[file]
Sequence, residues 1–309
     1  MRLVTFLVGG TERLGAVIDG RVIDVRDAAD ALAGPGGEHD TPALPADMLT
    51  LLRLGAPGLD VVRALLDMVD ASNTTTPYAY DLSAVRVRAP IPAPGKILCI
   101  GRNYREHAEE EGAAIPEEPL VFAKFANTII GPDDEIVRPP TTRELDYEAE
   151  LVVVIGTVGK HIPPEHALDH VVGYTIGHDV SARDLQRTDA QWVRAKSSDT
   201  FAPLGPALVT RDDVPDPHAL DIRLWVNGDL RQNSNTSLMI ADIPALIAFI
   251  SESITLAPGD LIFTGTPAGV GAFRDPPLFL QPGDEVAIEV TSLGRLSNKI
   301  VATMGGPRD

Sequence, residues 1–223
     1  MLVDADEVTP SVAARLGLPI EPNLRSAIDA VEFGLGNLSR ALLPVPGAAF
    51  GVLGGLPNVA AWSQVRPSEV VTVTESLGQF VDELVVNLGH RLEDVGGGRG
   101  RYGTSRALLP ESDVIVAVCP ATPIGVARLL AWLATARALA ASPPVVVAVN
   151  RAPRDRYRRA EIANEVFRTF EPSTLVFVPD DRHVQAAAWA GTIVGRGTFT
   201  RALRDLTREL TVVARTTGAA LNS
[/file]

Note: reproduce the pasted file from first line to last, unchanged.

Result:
Sequence, residues 1–309
     1  MRLVTFLVGG TERLGAVIDG RVIDVRDAAD ALAGPGGEHD TPALPADMLT
    51  LLRLGAPGLD VVRALLDMVD ASNTTTPYAY DLSAVRVRAP IPAPGKILCI
   101  GRNYREHAEE EGAAIPEEPL VFAKFANTII GPDDEIVRPP TTRELDYEAE
   151  LVVVIGTVGK HIPPEHALDH VVGYTIGHDV SARDLQRTDA QWVRAKSSDT
   201  FAPLGPALVT RDDVPDPHAL DIRLWVNGDL RQNSNTSLMI ADIPALIAFI
   251  SESITLAPGD LIFTGTPAGV GAFRDPPLFL QPGDEVAIEV TSLGRLSNKI
   301  VATMGGPRD

Sequence, residues 1–223
     1  MLVDADEVTP SVAARLGLPI EPNLRSAIDA VEFGLGNLSR ALLPVPGAAF
    51  GVLGGLPNVA AWSQVRPSEV VTVTESLGQF VDELVVNLGH RLEDVGGGRG
   101  RYGTSRALLP ESDVIVAVCP ATPIGVARLL AWLATARALA ASPPVVVAVN
   151  RAPRDRYRRA EIANEVFRTF EPSTLVFVPD DRHVQAAAWA GTIVGRGTFT
   201  RALRDLTREL TVVARTTGAA LNS